When undergoing orthodontic care such as wearing braces or other orthodontic appliances, you can sometimes encounter orthodontic emergencies. These situations are quite rare, however, it’s important that you contact your orthodontist if you are experiencing severe pain or issue associated with your appliance. Below we share some insightful patient information so you can manage any orthodontic emergencies that may arise.
Temporarily Relieve Pain or Discomfort Before Seeing Your Orthodontist
Depending on your orthodontic pain or concern, there are ways to temporarily ease the pain or discomfort you may be experiencing before making it in to see your orthodontist.
- If a piece of your orthodontic appliance has come loose, you can keep it in a container or bag until your next appointment.
- If you feel that your braces are poking the inside of your mouth, you can put a piece of wax on the wire that may be out of place. Make sure to dry the area first with a piece of gauze to help the wax stay.
- If you’ve noticed that a wire has slid out of place, you can pull it back into place with tweezers or needle-nose pliers.
If you have tried any of the above points to alleviate your orthodontic discomfort, and are still in significant pain, we highly recommend that you call your orthodontist and schedule an appointment to look at what may be causing pain or discomfort. The team at Foley Wilde Orthodontics will review your appliance and ensure that any damage that may be present does not disrupt treatment or cause any additional pain.
Treating Orthodontic Pain & Discomfort
There are a few common situations where you may experience discomfort or pain associated with your orthodontic appliances. Here are the most common situations, and how you can treat them at home before seeing your orthodontist.
General Soreness Caused by Braces
When you initially get your braces put on, you will likely feel some initial discomfort and soreness in your mouth. Your teeth will feel tender and sensitive to biting pressure for roughly three to five days. In this time, you should follow a diet of soft foods so you don’t further irritate your teeth when chewing.
If you are experiencing severe pain, you can also take Acetaminophen (Tylenol), or any medication typically used to treat headaches such as Aspirin, Ibuprofen (Motrin and Advil) or Naproxen Sodium (Anaprox and Naprosyn). Be aware, however, Naprosyn Sodium has been proven to slow down the movement of teeth, so it’s best to use as little as possible while undergoing orthodontic treatment.
Irritated Gums Caused by Braces
It’s common to experience sore gums when undergoing orthodontic treatment. To treat discomfort caused by sensitive gums, consider any of the following:
- Dissolve a teaspoon of salt into eight ounces of warm water and swish in your mouth.
- Healthy Gums Rinse by The Natural Dentist
- Orabase or Oragel, a pain-relieving gel which can be found at your local pharmacy
Pain in Lips, Cheeks and Tongue
It’s common to experience pain and discomfort in your teeth, cheeks and tongue shortly after having your braces put on. This is caused by your mouth becoming accustomed to the new surfaces on your teeth. Placing wax on parts of your braces can help, as your tongue will be able to slide over the new appliance.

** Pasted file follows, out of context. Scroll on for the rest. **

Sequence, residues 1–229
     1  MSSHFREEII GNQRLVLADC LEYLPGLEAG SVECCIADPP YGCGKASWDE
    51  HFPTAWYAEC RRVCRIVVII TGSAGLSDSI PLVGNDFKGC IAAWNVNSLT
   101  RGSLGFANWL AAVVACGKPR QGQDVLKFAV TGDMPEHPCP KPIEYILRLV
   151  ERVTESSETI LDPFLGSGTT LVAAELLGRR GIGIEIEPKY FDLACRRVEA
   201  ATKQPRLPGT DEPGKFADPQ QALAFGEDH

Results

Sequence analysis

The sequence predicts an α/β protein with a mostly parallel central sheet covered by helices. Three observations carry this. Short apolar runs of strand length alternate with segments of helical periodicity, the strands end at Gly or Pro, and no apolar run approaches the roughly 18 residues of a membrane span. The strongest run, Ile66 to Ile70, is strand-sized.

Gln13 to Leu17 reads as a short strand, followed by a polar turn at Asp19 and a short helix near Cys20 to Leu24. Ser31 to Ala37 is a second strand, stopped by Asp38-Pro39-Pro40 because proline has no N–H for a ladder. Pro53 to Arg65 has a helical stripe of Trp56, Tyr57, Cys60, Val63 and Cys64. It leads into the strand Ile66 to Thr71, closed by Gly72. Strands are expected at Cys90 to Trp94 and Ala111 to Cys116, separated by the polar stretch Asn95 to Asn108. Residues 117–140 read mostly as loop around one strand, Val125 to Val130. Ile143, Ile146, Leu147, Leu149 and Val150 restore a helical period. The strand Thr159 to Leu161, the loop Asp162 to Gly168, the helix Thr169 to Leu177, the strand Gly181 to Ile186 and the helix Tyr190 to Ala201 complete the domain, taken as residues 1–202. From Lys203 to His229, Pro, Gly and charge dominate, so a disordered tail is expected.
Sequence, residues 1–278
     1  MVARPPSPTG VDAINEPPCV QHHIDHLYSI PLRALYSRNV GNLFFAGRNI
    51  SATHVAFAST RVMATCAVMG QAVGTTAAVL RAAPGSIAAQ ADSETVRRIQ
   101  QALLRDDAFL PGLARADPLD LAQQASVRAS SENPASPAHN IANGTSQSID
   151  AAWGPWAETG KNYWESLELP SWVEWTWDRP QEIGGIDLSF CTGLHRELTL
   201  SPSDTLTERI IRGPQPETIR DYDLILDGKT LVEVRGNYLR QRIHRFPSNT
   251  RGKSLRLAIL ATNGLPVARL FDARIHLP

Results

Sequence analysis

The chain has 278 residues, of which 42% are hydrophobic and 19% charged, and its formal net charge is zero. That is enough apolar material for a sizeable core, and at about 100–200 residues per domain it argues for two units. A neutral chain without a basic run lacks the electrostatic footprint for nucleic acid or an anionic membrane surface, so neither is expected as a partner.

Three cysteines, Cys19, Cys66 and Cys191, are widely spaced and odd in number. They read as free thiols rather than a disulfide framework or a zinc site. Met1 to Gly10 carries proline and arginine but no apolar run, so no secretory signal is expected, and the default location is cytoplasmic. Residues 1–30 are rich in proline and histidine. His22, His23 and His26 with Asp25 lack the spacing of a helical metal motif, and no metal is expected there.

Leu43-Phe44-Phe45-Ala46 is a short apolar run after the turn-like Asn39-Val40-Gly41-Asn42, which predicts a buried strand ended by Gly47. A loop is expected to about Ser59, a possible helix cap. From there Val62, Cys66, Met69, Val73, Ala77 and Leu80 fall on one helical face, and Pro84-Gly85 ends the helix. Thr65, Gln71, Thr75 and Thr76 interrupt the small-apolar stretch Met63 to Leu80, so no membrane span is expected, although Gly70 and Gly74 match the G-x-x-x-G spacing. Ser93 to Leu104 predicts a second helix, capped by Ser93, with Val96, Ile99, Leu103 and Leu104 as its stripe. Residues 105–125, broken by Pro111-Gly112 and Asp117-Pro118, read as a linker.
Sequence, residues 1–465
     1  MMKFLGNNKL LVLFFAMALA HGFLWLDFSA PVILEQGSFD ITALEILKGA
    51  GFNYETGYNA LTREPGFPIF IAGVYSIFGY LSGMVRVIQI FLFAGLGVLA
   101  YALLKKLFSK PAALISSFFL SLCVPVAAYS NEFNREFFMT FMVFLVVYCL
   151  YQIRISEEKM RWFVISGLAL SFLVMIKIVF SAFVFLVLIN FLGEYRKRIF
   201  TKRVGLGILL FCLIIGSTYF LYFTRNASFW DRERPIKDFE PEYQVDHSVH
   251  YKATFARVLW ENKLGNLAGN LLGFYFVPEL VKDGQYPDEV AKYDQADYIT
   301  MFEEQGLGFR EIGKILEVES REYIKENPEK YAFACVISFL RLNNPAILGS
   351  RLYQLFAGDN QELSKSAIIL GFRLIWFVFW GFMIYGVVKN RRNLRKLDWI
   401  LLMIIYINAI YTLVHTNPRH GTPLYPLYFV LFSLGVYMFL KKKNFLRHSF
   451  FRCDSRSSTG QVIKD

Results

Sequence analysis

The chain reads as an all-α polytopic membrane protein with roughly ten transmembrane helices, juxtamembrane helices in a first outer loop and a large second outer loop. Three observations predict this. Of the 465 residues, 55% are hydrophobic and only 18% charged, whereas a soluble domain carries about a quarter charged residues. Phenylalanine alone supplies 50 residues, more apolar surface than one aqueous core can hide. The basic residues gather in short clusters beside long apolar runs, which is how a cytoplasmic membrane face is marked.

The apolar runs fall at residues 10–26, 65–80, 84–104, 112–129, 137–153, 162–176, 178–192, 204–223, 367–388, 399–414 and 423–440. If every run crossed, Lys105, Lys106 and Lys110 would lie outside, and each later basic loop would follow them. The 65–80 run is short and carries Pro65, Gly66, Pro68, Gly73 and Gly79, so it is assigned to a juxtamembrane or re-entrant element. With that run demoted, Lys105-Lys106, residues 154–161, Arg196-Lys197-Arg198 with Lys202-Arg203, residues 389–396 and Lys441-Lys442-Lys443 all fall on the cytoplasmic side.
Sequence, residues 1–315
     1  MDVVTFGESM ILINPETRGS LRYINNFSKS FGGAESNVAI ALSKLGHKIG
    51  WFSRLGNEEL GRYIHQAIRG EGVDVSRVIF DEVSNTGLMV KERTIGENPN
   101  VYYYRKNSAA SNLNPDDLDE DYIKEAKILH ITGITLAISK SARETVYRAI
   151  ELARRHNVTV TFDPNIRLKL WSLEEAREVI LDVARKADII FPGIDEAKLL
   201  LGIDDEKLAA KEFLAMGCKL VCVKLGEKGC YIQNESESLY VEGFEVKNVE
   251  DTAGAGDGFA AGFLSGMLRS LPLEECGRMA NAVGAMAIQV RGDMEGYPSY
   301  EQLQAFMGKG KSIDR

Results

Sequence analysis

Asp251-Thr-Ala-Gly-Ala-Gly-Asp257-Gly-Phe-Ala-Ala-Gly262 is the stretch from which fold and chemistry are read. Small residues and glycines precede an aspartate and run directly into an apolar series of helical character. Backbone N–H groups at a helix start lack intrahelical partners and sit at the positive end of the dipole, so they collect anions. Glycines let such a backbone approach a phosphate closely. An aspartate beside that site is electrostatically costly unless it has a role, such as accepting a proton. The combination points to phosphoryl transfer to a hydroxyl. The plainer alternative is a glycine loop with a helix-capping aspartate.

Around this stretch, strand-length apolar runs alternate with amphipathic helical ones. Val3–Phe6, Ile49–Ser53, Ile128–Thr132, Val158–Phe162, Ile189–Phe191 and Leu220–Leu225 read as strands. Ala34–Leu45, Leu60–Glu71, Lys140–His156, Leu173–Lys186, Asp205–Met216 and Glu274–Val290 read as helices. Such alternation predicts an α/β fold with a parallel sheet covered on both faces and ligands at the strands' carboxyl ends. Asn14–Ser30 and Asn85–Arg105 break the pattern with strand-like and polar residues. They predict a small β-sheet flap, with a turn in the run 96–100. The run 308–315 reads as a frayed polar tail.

Loose Orthodontic Appliances
If you notice that your orthodontic appliance (such as removable retainers) is poking you, place some orthodontic wax on the offending part until you can make it in to see your orthodontist.
If one of the brackets on your braces has come loose, and the bracket is still attached to the wire, be sure to leave it in place and place some wax on the end to secure the bracket and ease discomfort. If you can easily remove the loose bracket or band, remove it and keep in a safe container or envelope until your next visit to the orthodontist.
If you notice a loose wire on your braces, try and place your wire back into place using needle-nose pliers or tweezers. You can also try and use a piece of floss to tie the wire and keep it in place. Do this by tying a piece of floss around the bracket in place of the missing o-ring. If you aren’t able to position the wire into a comfortable position, or if placing wax on the end is not helping, you can use a small nail clipper to clip the wire behind the very last tooth that it is fastened to. Be sure to place wax on the end of the wire if it is still sharp.
Pocking Braces Wire
To easily reposition a wire tie from your braces that may be poking inside your mouth, you can use the end of a pencil and use the eraser to push the poking wire down into place. Place some wax on the wire to avoid discomfort in your mouth until you can see your orthodontist.
These are just a few ways to resolve orthodontic emergencies at home, before you are able to see your orthodontic professional. As mentioned, it’s important to contact your orthodontist if you are experiencing severe pain and discomfort, or if you have applied any of the above measures. That way, you can ensure that there is no compromising of your orthodontic plan. For more information on how to handle any orthodontic emergencies, contact the team at Foley Wilde Orthodontics.